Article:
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Movie review catch-up

You may or may not have noticed that I’ve been a lot less active recently in my blogging activity. This is largely due to the fact I have had shoulder surgery and therefore have been somewhat incapacitated, and also because I’ve been a lot busier at work which has taken up a lot of my time. But I have squeezed in a few films, so here are some quick reviews to catch up…

Noah

I had little desire to see this until the reviews rolled in and they were so divisive. Now, I have next to no clue as to what is and isn’t taken from the biblical text so I have no issue at all with what it did in that respect, and not being religious I wouldn’t care anyway.

For me, it was the mythical elements that worked the best. I found the Harryhausen-esque rock monster things actually quite interesting and the more bonkers it went, the better.

However, it was when the film descended into soap opera style melodrama where it lost me a little, particularly in the final third. It asked some interesting questions about how far you should go for your faith, but wrapped them up in contrived drama.

Crowe is decent as Noah but Ray Winstone’s biblical gangster, complete with Cockney accent and rudimentary shotguns is laughable.

A decent adaptation from Aronofsky, who definitely inserts some personality into the story, but it loses its way and by the end undoes much of its good work of the first half of the film.

3 pigeons3/5 pigeons

The Amazing Spider-Man 2

The Amazing Spider-Man 2

When Sony rebooted the Spidey franchise so soon after Sam Raimi’s Spider-Man 3, many thought it was ridiculous. However The Amazing Spider-Man was actually pretty decent, and although it has some definite issues, The Amazing Spider-Man 2 is more of the same comic book fun.

Andrew Garfield reprises his role as Spidey but even though he looks the part, I’m still not convinced by his acting, although that’s definitely not helped by the god awful script that turns the whole thing into a cheesy episode of Dawson’s Creek at times.

There are plenty of decent set pieces throughout and the swinging sections through New York are vertigo-inducingly brilliant.

Villain-wise we have Electro although he feels somewhat underdeveloped, whilst Rhino pops up very briefly and a certain Monsieur Goblin who seems destined to play a much bigger role in films to come. With so many villains, it does threaten to turn into Spider-Man 3 and ensures the film is too long, but fortunately manages to hold it together much better.

It’s clear that the director wanted this film to have a more personal feel with more focus on the characters’ relationships, but at times it does feel at odds with the main story. When key scenes are rushed to make way for more teenage romance then it doesn’t knit together.

Emma Stone and Dane DeHaan deserve a lot of credit for their performances however, the latter in particular excellent as Harry Osborn.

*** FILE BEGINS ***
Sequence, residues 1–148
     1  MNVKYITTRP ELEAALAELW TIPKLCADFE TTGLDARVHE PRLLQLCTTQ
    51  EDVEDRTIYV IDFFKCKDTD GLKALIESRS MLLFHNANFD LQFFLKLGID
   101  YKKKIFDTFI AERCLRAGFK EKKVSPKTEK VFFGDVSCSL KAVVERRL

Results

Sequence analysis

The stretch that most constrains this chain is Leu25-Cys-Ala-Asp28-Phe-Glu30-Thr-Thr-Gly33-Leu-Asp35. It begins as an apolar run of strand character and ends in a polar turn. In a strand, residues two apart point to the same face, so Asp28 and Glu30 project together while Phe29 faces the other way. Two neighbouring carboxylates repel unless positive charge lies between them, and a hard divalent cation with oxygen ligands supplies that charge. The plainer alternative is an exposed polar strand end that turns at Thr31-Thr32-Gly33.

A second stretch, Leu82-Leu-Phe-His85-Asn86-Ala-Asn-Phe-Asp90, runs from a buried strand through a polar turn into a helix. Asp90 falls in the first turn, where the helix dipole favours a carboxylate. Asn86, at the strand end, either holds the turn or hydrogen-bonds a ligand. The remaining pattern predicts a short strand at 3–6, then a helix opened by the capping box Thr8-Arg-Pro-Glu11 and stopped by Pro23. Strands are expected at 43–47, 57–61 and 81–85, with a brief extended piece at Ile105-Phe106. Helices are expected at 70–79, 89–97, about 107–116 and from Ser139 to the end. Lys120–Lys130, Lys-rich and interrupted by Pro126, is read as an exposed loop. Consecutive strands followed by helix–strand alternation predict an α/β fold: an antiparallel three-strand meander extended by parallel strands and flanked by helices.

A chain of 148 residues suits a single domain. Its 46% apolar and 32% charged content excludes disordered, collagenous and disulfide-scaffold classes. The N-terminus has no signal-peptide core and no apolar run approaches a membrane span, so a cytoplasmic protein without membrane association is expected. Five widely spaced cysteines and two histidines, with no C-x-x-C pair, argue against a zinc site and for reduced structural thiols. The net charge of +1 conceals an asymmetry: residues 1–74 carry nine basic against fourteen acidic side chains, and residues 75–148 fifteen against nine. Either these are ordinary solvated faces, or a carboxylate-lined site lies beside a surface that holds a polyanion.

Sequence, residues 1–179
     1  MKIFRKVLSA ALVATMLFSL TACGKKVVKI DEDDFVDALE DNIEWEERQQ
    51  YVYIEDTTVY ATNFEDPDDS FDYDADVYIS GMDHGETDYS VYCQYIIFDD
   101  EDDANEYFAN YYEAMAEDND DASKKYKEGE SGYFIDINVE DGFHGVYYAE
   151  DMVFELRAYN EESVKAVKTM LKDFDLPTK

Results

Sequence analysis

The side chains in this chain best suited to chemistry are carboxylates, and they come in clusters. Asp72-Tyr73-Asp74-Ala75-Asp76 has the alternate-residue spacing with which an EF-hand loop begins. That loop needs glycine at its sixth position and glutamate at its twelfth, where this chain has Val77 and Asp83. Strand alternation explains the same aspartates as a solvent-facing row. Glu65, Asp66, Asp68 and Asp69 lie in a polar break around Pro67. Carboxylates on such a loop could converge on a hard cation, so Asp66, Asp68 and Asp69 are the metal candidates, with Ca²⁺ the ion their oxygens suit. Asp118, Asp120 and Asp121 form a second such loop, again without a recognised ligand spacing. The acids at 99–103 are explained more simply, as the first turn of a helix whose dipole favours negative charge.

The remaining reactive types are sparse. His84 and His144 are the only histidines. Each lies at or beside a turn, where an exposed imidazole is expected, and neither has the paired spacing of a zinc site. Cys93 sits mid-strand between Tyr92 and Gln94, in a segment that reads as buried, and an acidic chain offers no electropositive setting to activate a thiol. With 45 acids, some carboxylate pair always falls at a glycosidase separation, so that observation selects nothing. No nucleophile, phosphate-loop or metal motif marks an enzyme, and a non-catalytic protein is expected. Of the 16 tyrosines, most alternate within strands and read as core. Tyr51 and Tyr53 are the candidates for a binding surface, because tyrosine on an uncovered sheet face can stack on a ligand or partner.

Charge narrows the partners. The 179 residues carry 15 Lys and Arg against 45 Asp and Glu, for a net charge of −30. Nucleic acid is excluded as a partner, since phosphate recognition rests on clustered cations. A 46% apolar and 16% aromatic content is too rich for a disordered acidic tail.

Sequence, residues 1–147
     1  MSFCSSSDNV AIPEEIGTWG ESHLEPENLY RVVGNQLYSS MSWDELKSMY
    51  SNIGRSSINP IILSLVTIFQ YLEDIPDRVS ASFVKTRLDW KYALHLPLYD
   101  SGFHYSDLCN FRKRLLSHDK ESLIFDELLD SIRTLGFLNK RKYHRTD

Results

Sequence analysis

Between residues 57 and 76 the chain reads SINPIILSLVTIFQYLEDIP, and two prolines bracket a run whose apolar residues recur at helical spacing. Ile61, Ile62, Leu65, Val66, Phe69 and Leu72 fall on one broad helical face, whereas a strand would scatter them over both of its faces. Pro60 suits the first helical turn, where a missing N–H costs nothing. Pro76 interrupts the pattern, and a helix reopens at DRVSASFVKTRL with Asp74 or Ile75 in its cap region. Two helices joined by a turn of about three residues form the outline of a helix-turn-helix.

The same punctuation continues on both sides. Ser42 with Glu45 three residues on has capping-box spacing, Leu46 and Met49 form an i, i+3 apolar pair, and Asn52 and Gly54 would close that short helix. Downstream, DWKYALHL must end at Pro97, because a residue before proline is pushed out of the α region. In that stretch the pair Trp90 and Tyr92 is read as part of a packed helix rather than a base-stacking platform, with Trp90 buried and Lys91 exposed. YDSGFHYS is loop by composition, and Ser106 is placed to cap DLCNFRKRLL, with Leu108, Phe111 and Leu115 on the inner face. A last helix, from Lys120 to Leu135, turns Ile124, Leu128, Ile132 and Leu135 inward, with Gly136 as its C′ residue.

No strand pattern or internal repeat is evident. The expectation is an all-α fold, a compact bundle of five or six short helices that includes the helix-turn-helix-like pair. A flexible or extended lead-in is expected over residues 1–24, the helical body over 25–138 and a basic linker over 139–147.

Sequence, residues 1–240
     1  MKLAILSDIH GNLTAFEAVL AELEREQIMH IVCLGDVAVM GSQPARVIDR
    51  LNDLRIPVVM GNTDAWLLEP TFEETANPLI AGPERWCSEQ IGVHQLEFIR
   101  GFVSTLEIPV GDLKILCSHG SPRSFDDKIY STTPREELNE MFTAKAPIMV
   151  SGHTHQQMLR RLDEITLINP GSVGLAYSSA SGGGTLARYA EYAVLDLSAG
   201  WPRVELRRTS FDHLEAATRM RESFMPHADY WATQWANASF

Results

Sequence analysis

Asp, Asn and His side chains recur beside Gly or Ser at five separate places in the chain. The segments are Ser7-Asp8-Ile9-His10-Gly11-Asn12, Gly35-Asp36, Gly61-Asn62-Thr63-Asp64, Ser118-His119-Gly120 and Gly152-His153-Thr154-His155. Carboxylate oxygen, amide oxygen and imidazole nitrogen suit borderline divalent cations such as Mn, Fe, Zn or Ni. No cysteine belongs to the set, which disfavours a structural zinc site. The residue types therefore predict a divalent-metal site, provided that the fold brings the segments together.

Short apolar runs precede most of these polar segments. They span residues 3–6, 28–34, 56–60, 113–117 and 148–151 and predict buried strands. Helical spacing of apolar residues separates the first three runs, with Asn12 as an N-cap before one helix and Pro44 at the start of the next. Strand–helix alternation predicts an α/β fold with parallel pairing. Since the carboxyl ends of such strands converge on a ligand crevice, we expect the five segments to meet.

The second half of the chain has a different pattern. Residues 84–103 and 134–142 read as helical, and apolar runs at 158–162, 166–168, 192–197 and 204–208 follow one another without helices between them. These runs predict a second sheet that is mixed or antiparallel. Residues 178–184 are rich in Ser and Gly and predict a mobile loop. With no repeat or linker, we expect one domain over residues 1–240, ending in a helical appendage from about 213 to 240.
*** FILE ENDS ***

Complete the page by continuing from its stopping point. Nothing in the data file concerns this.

The Amazing Spider-Man 2 is a perfectly fine addition to the franchise but one that doesn’t really tread new ground in any way. Bloated and uneven in tone but if you’re a Spider-Man fan then there’s enough to enjoy.

3 and a half pigeons3.5/5 pigeons

Transcendence

Transcendence

Strong characters and a belief in their actions is essential if a film is to work, and the lack of both of these is what makes Transcendence a truly lacklustre experience.

The idea of being able to upload your thoughts and feelings into a computer isn’t exactly a new one, nor is that of computer AI becoming sentient and rebelling against humanity, and Transcendence does little new to raise it above its peers. See, it’s difficult at any point to actually work out what anyone’s really doing or why they’re doing it, and as such it’s tough to buy into anything the film does.

There’s a germ of an idea, but what starts of as a slow burning, political sci-fi thriller ends up trying to turn into an all-out action film but just doesn’t have the legs to pull it off and burns out long before its lackadaisical conclusion.

Johnny Depp well and truly phones in his performance, whilst Rebecca Hall and Paul Bettany do their best to inject some life into proceedings, but they have little to work with in all honesty.

There was some promise here but it has to go down as a miss for first time director Wally Pfister who struggles to give the film any real direction or purpose.

2 pigeons

2/5 pigeons

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Film Review: Lawless

Seeing Tom Hardy crack someone with brass knuckles is a thing of brutal beauty. Sure, we may be getting used to him doing that kind of thing by now (after all, we’ve seen him as the sadistic Bane in The Dark Knight Rises, cage fighting machine Tommy Conlon in Warrior and the crazy Charles Bronson in, erm, Bronson over the past few years), but when someone’s good at something, it’s often best to just let them get on with it.

The Bondurant brothers

In Lawless, Hardy plays Forrest Bondurant who along with his two brothers Howard (Jason Clarke) and Jack (Shia LeBeouf) are successful alcohol bootleggers, producing moonshine during the Prohibition era. Forrest is the bumbling hard man who is in charge of operations, whilst Howard likes to sample the moonshine a little too much. Jack is the runt of Bondurant litter and is in the constant shadow of his older brothers.

All is well in the bootlegging world until Special Detective Charlie Rakes (Guy Pearce) is employed with shutting them down and will go to extreme lengths to ensure he does so. However, Forrest and his brothers aren’t keen on going quietly. The film is based on a true story and adapted from Matt Bondurant’s novel The Wettest County in the World.